Crude oil futures fell on Friday amid the weak US jobs report, which revived fear of the commodities’ fall in demand.
The disappointing jobs report cast doubt about the strength of the US economy, which is the biggest consumer of oil in the world.
According to Market Watch, October delivery light sweet crude futures fell $1.16 by 1.2% to stand at $93.29 per barrel at the New York Mercantile Exchange. The weekly losses were 2.8%.
On the London’s ICE, October Brent crude dropped 1% or $1.01 to $100.82 per barrel. The weekly loss for the Brent was 2.3%.
October gasoline blendstock reformulated by Nymex stood at 2 cents lower, a drop of 0.6% to $2.5834 per gallon. Gasoline futures lost 1.5%.
October delivery heating oil fell almost 1.4% or 2 cents to $2.8192 per gallon, while natural gas for the same month dropped 0.7% or 2.6 cents to $3.7930 for a million British thermal units.
Simmons & Co. analysts said, “Natural gas will remain a challenged commodity in 2015. Assuming normal winter weather, we believe the 2015 Us natural gas supply demand outlook will be challenging, perhaps the toughest year for the gas market since 2012 (the years there was no winter).”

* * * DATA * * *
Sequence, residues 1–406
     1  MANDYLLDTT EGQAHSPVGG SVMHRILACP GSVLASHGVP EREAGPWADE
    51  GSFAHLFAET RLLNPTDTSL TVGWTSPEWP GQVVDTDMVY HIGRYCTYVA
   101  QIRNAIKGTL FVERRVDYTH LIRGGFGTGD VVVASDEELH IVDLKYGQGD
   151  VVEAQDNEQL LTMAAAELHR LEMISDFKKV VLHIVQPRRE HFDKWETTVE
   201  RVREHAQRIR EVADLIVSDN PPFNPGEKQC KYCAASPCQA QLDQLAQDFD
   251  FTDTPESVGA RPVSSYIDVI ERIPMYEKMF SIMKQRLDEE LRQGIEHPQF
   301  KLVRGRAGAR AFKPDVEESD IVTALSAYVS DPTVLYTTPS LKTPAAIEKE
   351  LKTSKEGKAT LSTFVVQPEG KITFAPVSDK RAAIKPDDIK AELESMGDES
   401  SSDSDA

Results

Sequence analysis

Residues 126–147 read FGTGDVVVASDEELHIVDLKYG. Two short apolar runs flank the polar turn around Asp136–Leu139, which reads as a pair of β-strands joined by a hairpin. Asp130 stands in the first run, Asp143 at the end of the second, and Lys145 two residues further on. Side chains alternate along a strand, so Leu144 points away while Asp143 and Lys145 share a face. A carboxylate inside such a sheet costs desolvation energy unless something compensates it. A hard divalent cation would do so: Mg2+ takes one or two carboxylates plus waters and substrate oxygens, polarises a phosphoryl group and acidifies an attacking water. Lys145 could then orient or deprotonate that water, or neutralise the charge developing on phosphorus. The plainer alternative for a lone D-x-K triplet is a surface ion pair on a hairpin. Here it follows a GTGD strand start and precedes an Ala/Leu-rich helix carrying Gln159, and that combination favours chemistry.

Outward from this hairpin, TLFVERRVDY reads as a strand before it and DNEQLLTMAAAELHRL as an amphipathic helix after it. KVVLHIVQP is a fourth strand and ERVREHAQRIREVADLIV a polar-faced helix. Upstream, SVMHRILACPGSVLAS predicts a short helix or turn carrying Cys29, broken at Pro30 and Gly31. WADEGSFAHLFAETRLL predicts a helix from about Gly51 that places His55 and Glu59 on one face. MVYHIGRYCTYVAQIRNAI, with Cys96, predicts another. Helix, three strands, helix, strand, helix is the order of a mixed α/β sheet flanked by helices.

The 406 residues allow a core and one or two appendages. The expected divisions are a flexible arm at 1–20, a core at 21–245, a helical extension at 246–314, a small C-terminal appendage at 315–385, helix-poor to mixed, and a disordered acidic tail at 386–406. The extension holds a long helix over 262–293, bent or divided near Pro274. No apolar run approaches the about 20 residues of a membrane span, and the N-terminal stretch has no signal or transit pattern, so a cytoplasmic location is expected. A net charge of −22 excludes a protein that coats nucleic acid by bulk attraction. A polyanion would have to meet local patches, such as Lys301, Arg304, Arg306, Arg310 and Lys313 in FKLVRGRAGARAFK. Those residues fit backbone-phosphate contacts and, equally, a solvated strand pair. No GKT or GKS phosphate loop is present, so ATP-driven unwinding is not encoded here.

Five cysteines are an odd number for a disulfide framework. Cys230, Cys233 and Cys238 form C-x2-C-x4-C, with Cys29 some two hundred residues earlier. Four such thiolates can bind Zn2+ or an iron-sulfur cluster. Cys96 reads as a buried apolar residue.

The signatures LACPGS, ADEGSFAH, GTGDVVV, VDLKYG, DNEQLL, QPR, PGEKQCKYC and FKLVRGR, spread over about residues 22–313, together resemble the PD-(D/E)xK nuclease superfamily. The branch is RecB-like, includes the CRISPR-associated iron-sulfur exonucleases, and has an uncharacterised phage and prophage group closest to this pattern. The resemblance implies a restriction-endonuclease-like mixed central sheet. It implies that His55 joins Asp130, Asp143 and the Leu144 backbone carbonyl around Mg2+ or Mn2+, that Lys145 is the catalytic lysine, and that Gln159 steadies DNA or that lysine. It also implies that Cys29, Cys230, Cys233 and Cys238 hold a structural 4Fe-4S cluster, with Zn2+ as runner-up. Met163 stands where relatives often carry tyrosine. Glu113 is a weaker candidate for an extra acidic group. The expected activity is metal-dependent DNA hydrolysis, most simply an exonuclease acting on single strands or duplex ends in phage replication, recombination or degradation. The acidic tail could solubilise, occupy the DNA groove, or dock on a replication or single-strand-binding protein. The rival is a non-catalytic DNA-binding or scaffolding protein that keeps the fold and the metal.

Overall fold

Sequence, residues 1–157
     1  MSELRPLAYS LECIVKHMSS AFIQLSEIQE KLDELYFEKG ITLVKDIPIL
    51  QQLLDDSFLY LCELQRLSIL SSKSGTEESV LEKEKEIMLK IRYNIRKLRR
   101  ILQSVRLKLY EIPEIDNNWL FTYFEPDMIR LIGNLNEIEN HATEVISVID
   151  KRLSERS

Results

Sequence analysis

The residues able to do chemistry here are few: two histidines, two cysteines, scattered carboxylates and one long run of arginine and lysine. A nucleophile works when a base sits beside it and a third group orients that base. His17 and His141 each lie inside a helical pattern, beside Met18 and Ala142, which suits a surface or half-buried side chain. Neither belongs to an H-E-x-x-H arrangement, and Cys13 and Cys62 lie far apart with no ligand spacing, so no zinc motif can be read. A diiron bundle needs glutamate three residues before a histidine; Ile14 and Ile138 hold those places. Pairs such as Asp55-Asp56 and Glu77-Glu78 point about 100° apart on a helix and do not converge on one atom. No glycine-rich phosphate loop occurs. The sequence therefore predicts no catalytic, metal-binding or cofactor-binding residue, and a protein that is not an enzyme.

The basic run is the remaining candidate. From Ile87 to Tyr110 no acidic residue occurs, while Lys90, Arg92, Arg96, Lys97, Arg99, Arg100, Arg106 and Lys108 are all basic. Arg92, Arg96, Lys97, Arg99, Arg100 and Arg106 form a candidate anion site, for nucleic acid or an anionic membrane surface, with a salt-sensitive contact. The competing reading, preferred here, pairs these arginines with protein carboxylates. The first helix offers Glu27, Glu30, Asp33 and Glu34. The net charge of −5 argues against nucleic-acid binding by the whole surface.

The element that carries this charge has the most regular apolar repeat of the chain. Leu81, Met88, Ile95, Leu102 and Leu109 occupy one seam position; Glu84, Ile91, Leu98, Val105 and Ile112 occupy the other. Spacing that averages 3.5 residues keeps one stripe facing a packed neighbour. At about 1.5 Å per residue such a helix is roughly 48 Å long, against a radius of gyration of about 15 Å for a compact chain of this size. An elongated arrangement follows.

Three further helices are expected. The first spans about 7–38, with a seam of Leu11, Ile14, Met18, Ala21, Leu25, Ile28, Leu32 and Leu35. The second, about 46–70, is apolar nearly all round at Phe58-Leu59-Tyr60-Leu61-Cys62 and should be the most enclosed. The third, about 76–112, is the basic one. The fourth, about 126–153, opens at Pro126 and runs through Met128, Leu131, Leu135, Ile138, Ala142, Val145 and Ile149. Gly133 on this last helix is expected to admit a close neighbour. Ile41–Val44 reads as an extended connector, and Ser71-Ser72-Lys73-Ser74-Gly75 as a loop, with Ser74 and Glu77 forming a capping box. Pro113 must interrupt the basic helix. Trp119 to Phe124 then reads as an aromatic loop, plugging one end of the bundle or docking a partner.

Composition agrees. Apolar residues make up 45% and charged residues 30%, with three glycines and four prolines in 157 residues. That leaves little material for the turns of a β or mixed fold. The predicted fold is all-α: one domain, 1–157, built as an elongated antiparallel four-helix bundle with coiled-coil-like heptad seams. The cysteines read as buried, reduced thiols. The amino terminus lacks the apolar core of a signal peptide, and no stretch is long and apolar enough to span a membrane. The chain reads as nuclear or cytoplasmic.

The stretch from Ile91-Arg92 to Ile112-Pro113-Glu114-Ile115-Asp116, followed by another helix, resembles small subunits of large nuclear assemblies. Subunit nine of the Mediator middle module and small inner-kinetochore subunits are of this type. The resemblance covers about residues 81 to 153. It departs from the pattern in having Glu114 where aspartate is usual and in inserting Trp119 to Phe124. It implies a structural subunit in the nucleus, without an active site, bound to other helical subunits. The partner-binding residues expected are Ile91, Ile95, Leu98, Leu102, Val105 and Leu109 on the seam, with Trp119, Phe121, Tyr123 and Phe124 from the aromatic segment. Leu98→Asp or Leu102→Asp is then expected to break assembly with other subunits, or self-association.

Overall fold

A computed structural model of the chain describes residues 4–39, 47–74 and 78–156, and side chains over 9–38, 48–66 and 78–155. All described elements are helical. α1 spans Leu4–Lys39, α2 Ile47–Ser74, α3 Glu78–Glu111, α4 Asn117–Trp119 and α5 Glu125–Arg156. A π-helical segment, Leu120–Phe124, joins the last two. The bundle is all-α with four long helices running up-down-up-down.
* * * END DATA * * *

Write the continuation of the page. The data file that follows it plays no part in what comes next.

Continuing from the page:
As reported by Reuters, Tradition Energy analyst, Gene McGillian said, “US economic growth was supposed to counter the slowing in China and Europe and the payrolls report threw a little cold water on that idea.”
Oil prices extended their decline after US President Barrack Obama expressed skepticism about the ceasefire in Ukraine.
Price Futures Group analyst, Phil Flynn said, “Sanctions on Russia remaining in place keeps the market concerned about demand and the Europe’s economy.”
The downward pressure on the prices of oil has been increased by the rising production in US crude glut in Asia and the Atlantic basin, and the potential for increased exports from OPEC member countries, Iran and Libya.
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